If you want a deeper review then I recommend you check out Trevor's review; he's my go-to for sociology recommendations. The Curse of Knowledge is a big problem, when you know too much that you can no longer explain it simply--I actually think it's the stage just before assimilating a concept because once it is woven into your knowledge base then you can zoom in and out--or as Einstein says, 'If you can't explain it to a five year old then you don't understand it.'

There's a lot of good things here, but I like this quote referencing McKee: "Curiosity is the intellectual need to answer questions and close open patterns. Story plays to this universal desire by doing the opposite, posing questions and opening situations."
Profile Image for Laura Noggle.
669 reviews383 followers
February 14, 2019
*Stickiness Level: Average*

Not sure on the lasting impact of this book on me, it seemed like a lot of common sense and natural intuition.

Maybe I’ve read too much Godin and Gary Vee, or maybe this 12 year old book is a little dated. Either way it’s hard to pinpoint why memes, trends, and some things become popular over others.

This book is a perfectly acceptable attempt to understand why some things stick more than others, but hindsight is always 20/20.

If Chip had followed more of his own advice, maybe this book would have been a little more interesting.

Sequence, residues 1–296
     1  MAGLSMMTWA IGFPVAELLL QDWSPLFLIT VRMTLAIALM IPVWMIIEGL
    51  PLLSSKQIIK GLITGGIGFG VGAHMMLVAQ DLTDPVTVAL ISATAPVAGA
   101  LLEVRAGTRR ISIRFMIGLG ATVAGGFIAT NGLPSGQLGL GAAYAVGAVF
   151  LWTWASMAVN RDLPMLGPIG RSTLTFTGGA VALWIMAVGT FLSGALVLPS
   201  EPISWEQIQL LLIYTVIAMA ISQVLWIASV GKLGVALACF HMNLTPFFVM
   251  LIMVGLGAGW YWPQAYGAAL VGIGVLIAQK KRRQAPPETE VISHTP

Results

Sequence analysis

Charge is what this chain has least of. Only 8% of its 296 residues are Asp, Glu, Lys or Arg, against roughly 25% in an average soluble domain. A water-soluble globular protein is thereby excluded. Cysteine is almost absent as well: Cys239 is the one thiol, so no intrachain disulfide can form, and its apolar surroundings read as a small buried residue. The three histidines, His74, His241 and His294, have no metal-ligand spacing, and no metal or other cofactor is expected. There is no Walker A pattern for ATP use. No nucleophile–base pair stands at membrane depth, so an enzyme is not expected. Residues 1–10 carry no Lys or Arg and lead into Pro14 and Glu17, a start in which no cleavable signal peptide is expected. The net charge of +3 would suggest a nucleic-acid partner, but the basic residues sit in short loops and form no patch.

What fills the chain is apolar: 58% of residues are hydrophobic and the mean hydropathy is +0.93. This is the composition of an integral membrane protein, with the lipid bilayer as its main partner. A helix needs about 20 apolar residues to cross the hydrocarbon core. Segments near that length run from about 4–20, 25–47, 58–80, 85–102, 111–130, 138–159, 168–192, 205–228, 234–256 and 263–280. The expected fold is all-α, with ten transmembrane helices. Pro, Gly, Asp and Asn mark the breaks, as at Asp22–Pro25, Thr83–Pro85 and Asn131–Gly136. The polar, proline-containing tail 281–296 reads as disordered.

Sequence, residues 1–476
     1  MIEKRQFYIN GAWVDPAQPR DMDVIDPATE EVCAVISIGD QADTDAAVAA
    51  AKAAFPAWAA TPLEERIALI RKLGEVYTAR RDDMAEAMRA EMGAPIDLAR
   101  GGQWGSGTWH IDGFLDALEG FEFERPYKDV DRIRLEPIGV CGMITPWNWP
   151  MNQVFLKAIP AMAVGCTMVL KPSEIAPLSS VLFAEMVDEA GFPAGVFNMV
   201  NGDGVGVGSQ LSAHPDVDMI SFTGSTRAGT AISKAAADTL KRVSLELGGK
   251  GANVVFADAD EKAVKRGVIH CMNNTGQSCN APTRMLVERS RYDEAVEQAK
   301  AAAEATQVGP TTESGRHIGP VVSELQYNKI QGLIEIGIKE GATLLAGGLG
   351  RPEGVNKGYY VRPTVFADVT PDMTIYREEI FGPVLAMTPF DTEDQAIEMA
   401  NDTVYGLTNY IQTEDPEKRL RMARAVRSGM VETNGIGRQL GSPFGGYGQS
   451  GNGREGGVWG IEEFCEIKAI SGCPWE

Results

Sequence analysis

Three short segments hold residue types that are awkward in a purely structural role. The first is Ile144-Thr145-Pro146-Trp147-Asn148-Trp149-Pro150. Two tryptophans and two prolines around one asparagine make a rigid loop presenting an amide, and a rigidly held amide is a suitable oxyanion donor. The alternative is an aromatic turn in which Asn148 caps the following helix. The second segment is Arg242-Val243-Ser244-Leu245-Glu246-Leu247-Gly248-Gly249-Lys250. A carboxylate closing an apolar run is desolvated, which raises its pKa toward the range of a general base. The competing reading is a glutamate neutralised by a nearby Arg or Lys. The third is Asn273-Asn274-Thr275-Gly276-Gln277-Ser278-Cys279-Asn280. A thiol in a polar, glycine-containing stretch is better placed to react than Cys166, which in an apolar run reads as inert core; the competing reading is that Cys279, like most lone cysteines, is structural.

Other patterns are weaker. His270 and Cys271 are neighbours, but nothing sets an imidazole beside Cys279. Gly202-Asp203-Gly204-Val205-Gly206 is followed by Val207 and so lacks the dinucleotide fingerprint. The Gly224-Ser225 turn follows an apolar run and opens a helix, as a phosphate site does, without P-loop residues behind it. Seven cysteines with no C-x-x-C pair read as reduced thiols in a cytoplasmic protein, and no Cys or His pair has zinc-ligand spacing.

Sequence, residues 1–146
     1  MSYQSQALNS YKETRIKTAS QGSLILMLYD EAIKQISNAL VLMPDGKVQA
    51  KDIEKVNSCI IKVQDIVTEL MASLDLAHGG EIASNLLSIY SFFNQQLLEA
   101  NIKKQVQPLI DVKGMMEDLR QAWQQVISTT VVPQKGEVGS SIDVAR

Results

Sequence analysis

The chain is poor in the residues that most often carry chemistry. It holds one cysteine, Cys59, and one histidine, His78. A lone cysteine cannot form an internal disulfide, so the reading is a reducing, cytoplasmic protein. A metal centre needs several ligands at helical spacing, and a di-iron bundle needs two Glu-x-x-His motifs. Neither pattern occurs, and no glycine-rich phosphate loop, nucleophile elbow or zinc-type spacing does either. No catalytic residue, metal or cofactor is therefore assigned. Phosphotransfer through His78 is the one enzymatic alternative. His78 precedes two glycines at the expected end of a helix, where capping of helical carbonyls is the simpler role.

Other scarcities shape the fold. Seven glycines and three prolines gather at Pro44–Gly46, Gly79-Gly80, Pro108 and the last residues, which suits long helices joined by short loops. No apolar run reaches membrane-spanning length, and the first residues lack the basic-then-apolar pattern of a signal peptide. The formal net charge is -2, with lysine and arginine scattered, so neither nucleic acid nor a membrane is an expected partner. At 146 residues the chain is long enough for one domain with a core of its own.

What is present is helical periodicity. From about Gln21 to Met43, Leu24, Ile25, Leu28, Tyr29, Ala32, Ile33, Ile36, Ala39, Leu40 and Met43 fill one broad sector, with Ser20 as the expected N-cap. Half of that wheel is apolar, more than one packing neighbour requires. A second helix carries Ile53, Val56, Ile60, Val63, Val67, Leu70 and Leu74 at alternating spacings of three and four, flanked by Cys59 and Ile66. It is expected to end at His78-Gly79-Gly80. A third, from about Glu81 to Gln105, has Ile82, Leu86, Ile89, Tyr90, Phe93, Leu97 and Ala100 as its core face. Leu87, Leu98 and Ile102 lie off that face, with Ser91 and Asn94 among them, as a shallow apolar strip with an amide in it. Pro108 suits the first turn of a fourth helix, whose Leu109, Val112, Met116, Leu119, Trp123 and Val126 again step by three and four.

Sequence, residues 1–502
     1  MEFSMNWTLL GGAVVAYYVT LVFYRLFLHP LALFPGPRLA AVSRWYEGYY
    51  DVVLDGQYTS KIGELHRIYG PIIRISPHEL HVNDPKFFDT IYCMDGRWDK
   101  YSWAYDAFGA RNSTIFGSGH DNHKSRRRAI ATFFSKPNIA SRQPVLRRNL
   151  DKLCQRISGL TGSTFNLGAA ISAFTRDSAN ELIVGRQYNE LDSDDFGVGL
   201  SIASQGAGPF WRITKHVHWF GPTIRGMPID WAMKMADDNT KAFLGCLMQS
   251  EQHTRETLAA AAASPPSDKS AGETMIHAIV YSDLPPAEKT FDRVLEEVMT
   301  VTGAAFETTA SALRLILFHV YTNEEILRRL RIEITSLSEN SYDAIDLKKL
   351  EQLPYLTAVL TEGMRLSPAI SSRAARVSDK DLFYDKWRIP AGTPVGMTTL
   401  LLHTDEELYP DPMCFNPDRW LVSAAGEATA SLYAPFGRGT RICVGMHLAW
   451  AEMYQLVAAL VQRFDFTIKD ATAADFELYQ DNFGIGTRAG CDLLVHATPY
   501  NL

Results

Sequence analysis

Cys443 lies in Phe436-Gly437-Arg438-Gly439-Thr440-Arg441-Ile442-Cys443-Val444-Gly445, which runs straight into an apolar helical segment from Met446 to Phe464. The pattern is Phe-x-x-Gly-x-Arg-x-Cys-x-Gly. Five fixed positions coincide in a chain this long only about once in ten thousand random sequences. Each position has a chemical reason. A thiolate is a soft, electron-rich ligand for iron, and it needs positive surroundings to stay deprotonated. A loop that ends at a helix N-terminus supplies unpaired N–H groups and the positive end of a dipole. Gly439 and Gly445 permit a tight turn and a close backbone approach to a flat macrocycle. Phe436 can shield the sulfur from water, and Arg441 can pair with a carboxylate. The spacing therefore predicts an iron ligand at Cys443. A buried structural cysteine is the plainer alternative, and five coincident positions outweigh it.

“The most basic way to get someone's attention is this: Break a pattern. Humans adapt incredibly quickly to consistent patterns."

————

If you’re interested in the topic, I recommend Derek Thompson’s Hit Makers.
Profile Image for Moh. Nasiri.
291 reviews100 followers
February 25, 2021
ایده‌های چسبنده (Sticky ideas)
هرکس در هر جایگاهی حرف‌هایی برای گفتن و ایده‌هایی در ذهن دارد؛ اما بسیاری از اوقات این ایده‌ها شنیده و دیده نمی‌شوند و خیلی زود به‌دست فراموشی سپرده می‌شوند.
چرا اصولا ایده‌ها موفق نمی‌شوند و حتی بسیاری از ایده‌های ارزشمند فراموش می‌شوند؟ 
بنظرم این کتاب برای ریویونویسی هم خوب هست چون میتونی ایده کتاب را به شکل موثر و جذابی ارایه کنی.

شش اصل ایده‌های ماندگار و موفق از نظر نویسنده:

اصل اول: سادگی (Simple)، به این معنا که اضافه‌های ایده باید حذف شوند و ایده به مفهوم اصلی برسد. ایده‌ها باید علاوه‌بر سادگی، عمیق و بامفهوم باشند؛ بنابراین، سادگی الزاما به‌معنای بسیار کوتاه‌بودن جمله نیست. هرچند قانون طلایی عبارتی تک‌جمله‌ای را تأیید می‌کند که دیگران به‌دلیل سادگی و عمقش تا ابد به‌خاطر بسپارند.
اصل دوم: غیرمنتظره‌بودن (Unexpected)، یعنی علاوه‌بر ایجاد غافل‌گیری برای افراد که هوشیاری و تمرکز را زیاد می‌کند، اشتیاق و حس کنجکاوی را باید همواره در افراد ایجاد و حفظ کنیم.
اصل سوم: ملموس‌بودن (Concrete)، برای اینکه ایده واضح و روشن باشد، باید با استفاده از اطلاعات ملموس و فعالیت‌های مشهود توضیح داده شود. این باعث می‌شود ایده برای همه‌ی مخاطبان معنایی واحد ایجاد کند.

صل چهارم: معتبربودن (Credible)، آنچه هر ایده نیازمند داشتن آن است، باورپذیربودن است. به راه‌هایی نیاز داریم که افراد ایده را بیازمایند و اطمینان پیدا کنند تا بتوانند آن را باور کنند.
اصل پنجم: احساسی‌بودن (Emotional)، یعنی چه کار کنیم دیگران به ایده‌های ما توجه کنند و درگیرش شوند. برای این‌ امر لازم است کاری کنیم حس خاصی در مخاطبان ایجاد شود. مسئله‌ی مهم این است که بدانیم کدام احساس را باید برانگیزانیم و کنترل کنیم.
اصل ششم: داستانی‌بودن (Story)، برای اینکه دیگران را متقاعد کنیم براساس ایده‌ی ما رفتار کنند، به داستان‌گویی نیاز داریم. این کار موجب افزایش تجربیات افراد می‌شود و درنتیجه، عملکرد بهتری خواهند داشت.
Zoomit
لینک کست باکس:،
https://castbox.fm/vb/356248054
Profile Image for Anya Weber.
101 reviews1 follower
August 22, 2009
When I have enough money to buy books again, I'm planning to build a marketing and communications library. It will consist of three books: "The Tipping Point" by Malcolm Gladwell, "Influence" by Robert Cialdini, and this book, which is maybe the one of the three that knocked me on my butt most often as I was reading it.